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I don’t know about you, but I am totally overwhelmed with dealing with social media. It takes time to really connect and do justice to the people who are wonderful enough to engage with you. So when I read Jane Friedman‘s post on managing social media, I knew I wasn’t the only one. It has some great tips!
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When Less Is More on Social Media
June 22, 2016 by Chris Syme
Today’s guest post is from social media expert Chris Syme (@cksyme). Learn about her June master class.
Social media boasts some pretty staggering numbers: nearly two-thirds of American adults use social media. And 70 percent of those users ages thirteen and up are on Facebook, according to the Pew Research Center.
Authors feel the steady pressure to be on social media channels promoting themselves, promoting their books, and searching for those ever-elusive readers. Some marketers tout it like it’s a magic pill, encouraging authors to be in every possible corner of the social media universe. After all, you don’t want to miss anybody, right?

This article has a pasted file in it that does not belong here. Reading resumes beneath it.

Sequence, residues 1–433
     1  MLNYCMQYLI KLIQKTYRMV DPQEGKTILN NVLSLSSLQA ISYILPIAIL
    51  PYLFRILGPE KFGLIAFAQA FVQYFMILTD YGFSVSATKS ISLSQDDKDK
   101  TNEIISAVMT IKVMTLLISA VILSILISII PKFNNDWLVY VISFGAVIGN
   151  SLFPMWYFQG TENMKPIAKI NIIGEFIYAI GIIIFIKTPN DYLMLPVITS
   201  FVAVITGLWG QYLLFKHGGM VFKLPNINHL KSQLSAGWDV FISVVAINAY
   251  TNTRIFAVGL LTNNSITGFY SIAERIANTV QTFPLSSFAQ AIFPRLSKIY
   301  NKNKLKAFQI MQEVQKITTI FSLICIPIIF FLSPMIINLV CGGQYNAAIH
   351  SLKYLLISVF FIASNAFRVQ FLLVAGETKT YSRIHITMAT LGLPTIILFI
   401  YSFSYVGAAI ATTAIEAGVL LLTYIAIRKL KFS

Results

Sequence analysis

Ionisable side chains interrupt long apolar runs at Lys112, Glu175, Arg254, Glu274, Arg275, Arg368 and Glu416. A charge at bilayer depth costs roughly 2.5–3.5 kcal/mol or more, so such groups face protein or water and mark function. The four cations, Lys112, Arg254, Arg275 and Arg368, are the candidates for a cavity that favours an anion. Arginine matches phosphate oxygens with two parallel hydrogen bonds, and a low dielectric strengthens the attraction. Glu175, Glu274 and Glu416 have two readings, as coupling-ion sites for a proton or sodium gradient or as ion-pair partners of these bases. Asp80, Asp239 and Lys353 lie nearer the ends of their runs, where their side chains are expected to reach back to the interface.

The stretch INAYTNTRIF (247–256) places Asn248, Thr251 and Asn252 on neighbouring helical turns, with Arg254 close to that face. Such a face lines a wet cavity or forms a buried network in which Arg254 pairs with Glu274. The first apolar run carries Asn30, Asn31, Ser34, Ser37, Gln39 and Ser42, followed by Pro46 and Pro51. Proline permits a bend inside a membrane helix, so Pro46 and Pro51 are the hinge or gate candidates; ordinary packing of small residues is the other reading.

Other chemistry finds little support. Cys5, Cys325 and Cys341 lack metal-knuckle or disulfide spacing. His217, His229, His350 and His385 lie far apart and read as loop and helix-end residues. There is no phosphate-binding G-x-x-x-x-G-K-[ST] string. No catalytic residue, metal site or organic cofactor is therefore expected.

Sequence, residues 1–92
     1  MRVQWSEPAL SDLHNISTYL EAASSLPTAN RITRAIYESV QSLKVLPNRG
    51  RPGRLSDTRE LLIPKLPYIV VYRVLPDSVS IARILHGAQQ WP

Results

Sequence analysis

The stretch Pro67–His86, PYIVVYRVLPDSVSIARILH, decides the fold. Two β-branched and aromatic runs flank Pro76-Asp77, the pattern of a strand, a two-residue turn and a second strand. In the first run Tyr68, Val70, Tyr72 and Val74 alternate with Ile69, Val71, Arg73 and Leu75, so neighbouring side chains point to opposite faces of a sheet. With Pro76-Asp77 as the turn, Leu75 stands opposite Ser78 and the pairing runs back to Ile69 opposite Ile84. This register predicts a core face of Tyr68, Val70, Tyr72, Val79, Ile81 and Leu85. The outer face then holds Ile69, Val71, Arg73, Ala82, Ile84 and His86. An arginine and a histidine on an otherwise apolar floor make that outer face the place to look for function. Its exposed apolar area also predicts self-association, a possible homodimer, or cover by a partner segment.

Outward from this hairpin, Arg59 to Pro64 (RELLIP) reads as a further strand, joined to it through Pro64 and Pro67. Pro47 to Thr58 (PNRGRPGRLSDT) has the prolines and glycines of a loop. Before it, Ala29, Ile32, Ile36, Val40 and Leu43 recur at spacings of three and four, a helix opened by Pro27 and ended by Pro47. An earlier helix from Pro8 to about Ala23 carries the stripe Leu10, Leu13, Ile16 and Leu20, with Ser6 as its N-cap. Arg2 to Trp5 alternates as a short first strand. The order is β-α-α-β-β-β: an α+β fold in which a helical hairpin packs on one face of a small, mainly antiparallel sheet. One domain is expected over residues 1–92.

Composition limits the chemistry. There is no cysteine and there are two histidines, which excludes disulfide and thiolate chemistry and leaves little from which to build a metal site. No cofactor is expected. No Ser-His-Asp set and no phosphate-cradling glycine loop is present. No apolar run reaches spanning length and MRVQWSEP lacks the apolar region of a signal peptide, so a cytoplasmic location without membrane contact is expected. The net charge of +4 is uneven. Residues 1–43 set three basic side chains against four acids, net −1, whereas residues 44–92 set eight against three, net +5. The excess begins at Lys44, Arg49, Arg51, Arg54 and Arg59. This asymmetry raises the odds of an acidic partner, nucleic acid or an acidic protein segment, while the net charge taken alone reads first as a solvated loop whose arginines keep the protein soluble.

The trouble with this advice is that it is antithetical to the present marketing culture. Marketing in this day and age is not about casting a wide net to get all the fish. It’s about knowing who your audience is, understanding where the best spots to find them are, and going narrow with the best channels for optimum results. If you want maximum results from your social media channels, less is more.
Fewer Channels Means More Engagement
I have long been an advocate of being on fewer social media channels to maximize engagement. There are several reasons for that, but I’ll give you the main three:
- Finding where your audience members spend the most time makes it easier to target them.
- Spending time on channels that grab less than 25 percent of the users online is a waste unless it is a niche channel specific to your audience.
- Every channel is not conducive to selling. Choose channels where you can engage and sell.
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